If you are meeting Flavia for the first time, Bradley gives enough background that you will have a good time, but you WILL want to read the other books in the series, and there are enough mild spoilers that I would recommend starting with The Sweetness at the Bottom of the Pie.
With any popular series, readers approach a new book with trepidation and the hope that this will not be the last. As is his wont, the author ends Thrice the Brinded Cat Hath Mewed with a life-changing event that guarantees Flavia will not be facing a tranquil future. Whatever lies ahead for her, though, it is clear that Bradley and her legions of fans will be with her.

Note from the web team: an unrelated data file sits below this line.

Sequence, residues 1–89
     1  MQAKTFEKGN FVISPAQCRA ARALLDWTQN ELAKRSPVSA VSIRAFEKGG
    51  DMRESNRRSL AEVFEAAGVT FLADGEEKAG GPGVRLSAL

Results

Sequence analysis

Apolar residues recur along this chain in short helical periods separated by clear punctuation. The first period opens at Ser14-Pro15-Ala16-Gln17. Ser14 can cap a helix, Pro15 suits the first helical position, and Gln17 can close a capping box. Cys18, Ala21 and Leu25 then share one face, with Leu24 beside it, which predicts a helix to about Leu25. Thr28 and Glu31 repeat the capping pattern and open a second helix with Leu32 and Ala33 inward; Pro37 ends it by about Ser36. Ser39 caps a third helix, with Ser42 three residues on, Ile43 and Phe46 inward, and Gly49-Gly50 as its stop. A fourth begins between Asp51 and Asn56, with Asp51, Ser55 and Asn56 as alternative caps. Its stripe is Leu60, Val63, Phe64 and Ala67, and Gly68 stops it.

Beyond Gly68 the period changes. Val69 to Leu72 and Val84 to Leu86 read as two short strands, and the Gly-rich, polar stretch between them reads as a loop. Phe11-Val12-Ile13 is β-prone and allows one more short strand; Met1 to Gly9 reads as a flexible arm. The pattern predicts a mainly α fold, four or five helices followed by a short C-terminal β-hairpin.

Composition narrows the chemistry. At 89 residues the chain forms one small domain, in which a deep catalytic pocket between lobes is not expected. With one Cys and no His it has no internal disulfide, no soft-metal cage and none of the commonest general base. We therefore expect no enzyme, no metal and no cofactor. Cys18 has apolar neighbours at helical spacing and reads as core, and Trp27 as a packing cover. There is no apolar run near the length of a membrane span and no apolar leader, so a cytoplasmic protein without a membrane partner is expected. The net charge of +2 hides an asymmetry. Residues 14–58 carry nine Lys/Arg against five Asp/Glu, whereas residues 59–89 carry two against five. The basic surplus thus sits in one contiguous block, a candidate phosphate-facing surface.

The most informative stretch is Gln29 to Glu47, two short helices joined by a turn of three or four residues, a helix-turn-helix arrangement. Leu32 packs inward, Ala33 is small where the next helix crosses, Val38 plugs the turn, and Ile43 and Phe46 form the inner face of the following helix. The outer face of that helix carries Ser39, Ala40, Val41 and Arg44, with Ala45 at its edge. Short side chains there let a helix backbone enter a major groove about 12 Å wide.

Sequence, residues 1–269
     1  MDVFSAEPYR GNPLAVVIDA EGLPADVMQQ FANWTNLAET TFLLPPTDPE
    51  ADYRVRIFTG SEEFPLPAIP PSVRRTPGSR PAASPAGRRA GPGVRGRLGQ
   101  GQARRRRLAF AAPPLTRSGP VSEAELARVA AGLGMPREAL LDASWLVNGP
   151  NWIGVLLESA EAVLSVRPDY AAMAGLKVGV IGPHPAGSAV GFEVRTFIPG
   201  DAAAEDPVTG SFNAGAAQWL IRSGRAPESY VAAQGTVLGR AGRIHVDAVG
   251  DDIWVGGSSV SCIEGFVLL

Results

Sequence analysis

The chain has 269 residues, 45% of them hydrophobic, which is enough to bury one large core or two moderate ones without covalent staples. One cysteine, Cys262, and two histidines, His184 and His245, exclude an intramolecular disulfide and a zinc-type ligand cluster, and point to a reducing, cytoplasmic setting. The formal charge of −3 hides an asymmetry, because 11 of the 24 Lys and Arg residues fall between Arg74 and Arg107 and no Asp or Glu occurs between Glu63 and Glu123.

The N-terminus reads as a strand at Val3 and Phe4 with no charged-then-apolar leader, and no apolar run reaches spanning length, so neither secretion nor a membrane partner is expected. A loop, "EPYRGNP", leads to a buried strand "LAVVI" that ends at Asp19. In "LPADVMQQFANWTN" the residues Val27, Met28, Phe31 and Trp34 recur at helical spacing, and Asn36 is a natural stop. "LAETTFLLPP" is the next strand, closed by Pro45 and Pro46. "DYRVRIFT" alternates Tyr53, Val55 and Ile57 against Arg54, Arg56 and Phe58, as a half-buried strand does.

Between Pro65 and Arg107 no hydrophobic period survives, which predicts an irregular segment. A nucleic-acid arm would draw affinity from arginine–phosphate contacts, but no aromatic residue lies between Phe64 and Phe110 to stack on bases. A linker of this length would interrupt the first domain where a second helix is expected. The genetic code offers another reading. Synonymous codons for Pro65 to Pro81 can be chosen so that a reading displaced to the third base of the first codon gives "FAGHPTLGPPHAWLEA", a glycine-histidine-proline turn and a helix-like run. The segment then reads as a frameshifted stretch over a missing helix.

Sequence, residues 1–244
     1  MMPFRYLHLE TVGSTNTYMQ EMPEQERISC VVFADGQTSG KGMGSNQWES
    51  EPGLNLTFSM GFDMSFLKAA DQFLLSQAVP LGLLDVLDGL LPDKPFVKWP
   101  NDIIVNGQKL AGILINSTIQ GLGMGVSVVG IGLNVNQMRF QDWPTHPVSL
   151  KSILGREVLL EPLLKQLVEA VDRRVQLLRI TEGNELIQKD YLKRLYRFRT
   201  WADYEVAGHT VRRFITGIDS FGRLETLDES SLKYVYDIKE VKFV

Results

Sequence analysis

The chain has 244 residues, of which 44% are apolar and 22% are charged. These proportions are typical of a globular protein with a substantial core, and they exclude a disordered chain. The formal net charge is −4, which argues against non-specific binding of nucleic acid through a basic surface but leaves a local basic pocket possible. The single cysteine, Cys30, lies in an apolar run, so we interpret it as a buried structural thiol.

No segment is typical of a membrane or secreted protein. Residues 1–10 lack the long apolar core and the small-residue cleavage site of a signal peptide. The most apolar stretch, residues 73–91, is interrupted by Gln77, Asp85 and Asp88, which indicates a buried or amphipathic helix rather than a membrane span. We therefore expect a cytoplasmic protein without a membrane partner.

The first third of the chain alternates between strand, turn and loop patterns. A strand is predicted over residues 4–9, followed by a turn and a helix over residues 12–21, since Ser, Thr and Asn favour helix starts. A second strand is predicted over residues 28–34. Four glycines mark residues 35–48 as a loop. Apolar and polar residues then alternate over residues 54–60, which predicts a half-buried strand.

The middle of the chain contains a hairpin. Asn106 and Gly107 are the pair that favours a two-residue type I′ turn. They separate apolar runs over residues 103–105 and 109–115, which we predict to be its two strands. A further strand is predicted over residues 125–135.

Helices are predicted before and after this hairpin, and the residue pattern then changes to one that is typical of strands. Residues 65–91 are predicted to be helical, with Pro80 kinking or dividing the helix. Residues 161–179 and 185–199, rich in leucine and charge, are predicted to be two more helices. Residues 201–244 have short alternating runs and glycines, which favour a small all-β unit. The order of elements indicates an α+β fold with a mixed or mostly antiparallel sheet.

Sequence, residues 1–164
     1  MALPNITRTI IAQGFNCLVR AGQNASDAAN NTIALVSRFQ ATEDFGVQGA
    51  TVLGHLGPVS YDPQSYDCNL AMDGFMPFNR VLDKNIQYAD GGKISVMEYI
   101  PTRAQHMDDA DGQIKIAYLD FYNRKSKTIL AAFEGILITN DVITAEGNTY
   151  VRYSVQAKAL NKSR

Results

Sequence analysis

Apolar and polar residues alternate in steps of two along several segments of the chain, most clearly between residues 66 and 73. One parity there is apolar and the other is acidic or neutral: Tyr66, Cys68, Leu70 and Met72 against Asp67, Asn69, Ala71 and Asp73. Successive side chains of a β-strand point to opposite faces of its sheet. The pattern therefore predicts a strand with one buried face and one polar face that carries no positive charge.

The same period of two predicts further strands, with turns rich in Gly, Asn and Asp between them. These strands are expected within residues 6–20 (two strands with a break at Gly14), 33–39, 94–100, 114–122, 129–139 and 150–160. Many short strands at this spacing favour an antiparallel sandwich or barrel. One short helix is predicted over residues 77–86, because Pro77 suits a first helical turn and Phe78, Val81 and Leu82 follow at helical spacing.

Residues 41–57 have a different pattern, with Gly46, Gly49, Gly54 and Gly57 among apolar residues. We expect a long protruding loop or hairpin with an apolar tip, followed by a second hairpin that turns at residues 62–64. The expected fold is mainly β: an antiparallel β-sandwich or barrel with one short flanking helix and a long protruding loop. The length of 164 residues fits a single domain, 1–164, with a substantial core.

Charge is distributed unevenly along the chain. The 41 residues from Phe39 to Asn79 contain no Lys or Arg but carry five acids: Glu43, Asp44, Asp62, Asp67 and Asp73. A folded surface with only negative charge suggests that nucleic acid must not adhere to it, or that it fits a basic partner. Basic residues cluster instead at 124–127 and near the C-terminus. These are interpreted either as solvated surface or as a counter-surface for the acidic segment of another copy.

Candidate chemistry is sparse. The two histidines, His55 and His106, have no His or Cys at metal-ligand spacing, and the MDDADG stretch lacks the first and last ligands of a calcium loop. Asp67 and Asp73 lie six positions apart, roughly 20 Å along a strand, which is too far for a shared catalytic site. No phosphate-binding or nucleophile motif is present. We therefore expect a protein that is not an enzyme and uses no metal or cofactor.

Flavia returns home from her brief stint at a Canadian boarding school to find only the faithful and sage Dogger waiting for her, with the news that her father is gravely ill. Colonel de Luce remains in hospital, and so is absent from the whole of the murder mystery that follows, as is Flavia's friend the vicar and several of the other reliable adults in Flavia's life, with Feely, Daphne, Dieter, and even Inspector Hewitt making only brief appearances. While it's refreshing to see Flavia developing satisfying female friendship with her former chemistry teacher and with Cynthia Richards, the vicar's wife, the reduction of all of the familiar cast except Dogger to shadowy figures feels two dimensional at best, barren at worst. Flavia herself seems to spend more time as a jaded 18 year old than a lonely 12 year old. The strange gush of maternal feeling twelve year old Flavia seems to periodically feel for the unctuous Undine seems out of character for anyone her age, let alone the fiercely independent and unsentimental Flavia, and is hopefully little more than another clumsy and temporary device to show that she herself is leaving childhood for adolescence. (But Bradley signals in many ways his reluctance to have the series go forward without an enfant terrible, so maybe I'll just have to keep my fingers crossed that he doesn't consign Flavia to fond foster-motherhood at 12 or 13 in order to focus on the younger, unappealing Undine.)